Vioxx (Anti-inflammatory Drug) Causes Heart Attacks & Strokes
Pharmaceutical giant Merch, announced in Spetember 2004, the withdrawal of Rofecoxib, more commonily known as Vioxx from the worldwide market. Their reasons were due to safety concerns of increased risk of heart attack for those using the drug.
Vioxx is a cyclo-oxygenase 2-selective, nonsteroidal, anti-inflammatory dug (otherwise know as a ‘NSAID’s”) that was approved by the American Food and Drug Administration (FDA – similar to Australia’s TGA) in 1999 for the relief of the signs and symptoms of Osteoarthritis. It is also used for acute pain in adults, and for the treatment of menstrual symptoms. It was later apporved for the relief of rheumatoid arthritis in adults and children.
You may recall that Vioxx was championed as a new drug to replace Celebrex. Celebrex was shown to cause damage to the liver and kidneys and bleeding from the bowel.
In a recent study on Vioxx, the Data Safety Monitoring Board recommended it be stopped as it became apparent that the long term use of Vioxx was associated with catastrophic consequences.
The study showed an increased risk of cardiovascular events, including heart attack and stroke, in patients receiving Vioxx compared with placebo, particularly those who had been taking Vioxx for loner than 18 months.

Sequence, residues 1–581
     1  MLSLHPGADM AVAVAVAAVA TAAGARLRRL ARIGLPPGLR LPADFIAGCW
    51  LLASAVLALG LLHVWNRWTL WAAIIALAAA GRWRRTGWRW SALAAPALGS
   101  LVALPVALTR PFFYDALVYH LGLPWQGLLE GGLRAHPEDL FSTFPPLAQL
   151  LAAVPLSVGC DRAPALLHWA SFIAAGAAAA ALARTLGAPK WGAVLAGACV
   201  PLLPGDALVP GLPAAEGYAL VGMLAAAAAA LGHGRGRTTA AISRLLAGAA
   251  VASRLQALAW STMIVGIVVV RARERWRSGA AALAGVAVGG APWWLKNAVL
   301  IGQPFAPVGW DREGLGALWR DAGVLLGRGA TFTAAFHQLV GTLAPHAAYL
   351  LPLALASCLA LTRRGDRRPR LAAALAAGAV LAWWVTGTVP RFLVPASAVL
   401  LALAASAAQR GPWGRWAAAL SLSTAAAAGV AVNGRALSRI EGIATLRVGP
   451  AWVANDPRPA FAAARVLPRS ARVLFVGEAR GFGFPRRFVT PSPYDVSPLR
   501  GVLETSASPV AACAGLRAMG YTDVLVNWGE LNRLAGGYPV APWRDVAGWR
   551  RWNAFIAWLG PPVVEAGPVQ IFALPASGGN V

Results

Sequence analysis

A meeting was held with Merck and FDA officials and based on this new safety information, Merck informed the FDA they would ‘voluntarily’ withdraw Vioxx from the market.
Acting FDA commissioner, Dr. M Crawford states that the FDA will closely monitor other drugs in the class for similar adverse effects. “All of the NSAID’s have risks when taken chronically, expecially of gatrointestinal bleeding, but also liver and kidney toxicity. They should only be used continuously under strict supervision due to their side effects.”
Research in mice suggests that a newer class of painkilling drugs called COX-2 inhibitors could trigger a chain of events potentially harmful to the cardiovascular system. Researchers speculate, though, that their findings might explain the outcome of a recent major trial in which patients taking a COX-2 inhibitor – the arthritis drug Vioxx – had […]